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Bioretention Systems: What are they?

11 April 2017

Many definitions of civil engineering work exist. Principally, this is a diverse discipline, a means of using the tools we have at hand to improve societal enclaves. We design and build amazing structures to accommodate these infrastructural alterations. Excitingly, the work also incorporates living and breathing systems, bio-assets that improve and extend those habitats. Built to blend seamlessly into a societal foundation, Bioretention systems represent a key example of this principle.

What is a Bioretention System?

Instead of fighting nature, supplanting its presence, civil engineers choose to work with our landscape. This choice is made because our local scenery isn’t there simply to look appealing. Nature, the hills and grasslands that surround us, also functions as a working system. We can illustrate that point by talking about Bioretention systems. In essence, this is an organic filter. Let’s see how this naturally landscaped asset processes stormwater and its contaminants.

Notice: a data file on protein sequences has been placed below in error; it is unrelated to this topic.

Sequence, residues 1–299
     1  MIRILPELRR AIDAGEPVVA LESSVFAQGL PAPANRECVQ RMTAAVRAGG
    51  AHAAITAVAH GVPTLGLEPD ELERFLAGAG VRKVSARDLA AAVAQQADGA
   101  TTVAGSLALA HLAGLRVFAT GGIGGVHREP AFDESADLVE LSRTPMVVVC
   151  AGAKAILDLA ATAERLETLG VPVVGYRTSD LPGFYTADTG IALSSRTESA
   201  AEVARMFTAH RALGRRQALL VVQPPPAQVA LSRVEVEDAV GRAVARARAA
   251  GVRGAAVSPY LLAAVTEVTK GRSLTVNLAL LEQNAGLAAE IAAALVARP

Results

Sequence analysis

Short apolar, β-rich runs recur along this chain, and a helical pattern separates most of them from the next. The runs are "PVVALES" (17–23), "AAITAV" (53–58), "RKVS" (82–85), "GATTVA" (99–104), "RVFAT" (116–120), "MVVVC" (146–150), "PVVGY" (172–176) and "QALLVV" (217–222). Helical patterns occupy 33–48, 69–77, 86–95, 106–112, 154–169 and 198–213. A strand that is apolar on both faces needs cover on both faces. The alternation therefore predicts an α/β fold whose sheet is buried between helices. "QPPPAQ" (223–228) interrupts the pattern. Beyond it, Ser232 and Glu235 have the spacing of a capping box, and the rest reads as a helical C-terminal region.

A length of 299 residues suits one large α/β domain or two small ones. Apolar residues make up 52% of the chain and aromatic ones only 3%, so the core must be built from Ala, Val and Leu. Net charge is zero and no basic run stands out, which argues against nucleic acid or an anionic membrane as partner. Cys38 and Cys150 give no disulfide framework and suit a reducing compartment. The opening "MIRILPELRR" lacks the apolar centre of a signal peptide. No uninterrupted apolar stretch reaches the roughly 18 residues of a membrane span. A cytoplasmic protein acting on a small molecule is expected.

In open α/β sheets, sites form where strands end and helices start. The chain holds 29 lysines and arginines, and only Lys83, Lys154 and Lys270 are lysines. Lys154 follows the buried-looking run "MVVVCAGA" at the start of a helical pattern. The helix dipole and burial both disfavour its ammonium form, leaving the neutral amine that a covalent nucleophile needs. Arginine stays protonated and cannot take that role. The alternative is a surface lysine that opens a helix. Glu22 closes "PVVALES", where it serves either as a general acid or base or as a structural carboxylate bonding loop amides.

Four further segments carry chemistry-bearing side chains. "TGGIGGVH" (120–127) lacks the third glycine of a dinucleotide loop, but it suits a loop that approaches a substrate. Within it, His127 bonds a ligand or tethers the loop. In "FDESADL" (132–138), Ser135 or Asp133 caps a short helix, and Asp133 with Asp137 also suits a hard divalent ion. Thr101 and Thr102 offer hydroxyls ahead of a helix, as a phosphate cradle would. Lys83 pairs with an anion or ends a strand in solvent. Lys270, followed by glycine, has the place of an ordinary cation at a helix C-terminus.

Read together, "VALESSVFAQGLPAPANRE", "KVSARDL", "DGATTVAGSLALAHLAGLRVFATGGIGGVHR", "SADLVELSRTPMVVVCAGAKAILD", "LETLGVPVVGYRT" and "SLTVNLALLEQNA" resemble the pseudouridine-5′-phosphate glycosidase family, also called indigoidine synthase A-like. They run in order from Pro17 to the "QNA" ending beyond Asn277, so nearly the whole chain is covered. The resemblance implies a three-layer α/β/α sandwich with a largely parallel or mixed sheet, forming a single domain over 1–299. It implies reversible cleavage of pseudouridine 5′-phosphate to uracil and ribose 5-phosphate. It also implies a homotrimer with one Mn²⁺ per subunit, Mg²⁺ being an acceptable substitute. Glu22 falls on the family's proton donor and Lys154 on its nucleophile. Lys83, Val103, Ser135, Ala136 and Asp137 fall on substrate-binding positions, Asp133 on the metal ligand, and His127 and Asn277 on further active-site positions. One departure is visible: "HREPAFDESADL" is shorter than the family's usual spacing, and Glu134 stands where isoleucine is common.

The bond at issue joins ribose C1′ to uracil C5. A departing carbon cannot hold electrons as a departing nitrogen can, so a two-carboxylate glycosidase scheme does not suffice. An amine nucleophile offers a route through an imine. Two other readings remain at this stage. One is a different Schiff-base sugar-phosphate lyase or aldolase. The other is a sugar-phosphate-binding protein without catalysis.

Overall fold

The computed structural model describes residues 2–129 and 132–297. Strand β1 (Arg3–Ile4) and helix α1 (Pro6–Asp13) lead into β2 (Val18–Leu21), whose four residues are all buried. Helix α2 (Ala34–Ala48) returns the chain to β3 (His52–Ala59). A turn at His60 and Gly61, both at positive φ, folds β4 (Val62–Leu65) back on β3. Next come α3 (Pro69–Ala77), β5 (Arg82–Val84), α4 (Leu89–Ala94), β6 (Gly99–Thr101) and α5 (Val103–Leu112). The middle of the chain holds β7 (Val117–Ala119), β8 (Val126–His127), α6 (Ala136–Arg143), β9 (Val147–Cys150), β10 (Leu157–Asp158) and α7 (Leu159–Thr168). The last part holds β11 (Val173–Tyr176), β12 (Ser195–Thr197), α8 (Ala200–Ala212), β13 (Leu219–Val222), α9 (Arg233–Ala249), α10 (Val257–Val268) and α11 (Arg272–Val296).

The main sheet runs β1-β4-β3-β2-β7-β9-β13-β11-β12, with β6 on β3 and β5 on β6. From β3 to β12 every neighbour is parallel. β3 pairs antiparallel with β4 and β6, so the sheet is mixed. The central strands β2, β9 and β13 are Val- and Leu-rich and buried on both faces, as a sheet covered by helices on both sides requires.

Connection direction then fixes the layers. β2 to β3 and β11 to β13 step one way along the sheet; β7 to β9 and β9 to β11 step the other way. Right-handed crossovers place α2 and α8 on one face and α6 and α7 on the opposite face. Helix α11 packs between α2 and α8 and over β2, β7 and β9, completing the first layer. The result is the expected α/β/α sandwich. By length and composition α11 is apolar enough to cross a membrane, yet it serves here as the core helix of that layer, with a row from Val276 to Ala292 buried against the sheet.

Built from Organic Stratum

It’s difficult to pick out a Bioretention mechanism if we don’t know where it is, and it is one of the main features of this elemental filter. It’s a collection of wetland grasses and loose sand, mulch and pond plants, all grown together within a land depression. The stormwater enters the local landscape as a torrent, but its many rivulets are channelled into the depressions, where they’re sieved by the buffering plant life. Then, when the water has passed through the greenery-filled crater, the contaminants are gone, left behind so that the runoff is clean. Happily, this clean water returns to the local water table, freshened and potable.

Biosystem Benefits

As this native agrarian flora is classed as a part of the landscape, its benefits are biased towards the environment. Soil erosion is minimised as the root system grows in this natural filtration structure. The system also acts as a natural habitat for wetland wildlife. Granted, the sieving process is passive, perhaps even sluggish, but it’s a natural part of the landscape, so the local climate is reinforced by the ebb and flow of the stormwater drainage. Essentially, land development impact is minimised because this is an intrinsically natural method of engineering the land.

A series of Bioretention systems functions as a wholesale area filtration solution, a natural method of sieving stormwater. Sediments and water contaminants are left behind in the grass and mulch occupied ground depressions when the process is concluded, which leaves the filtered water fresh and free to return to the ground.

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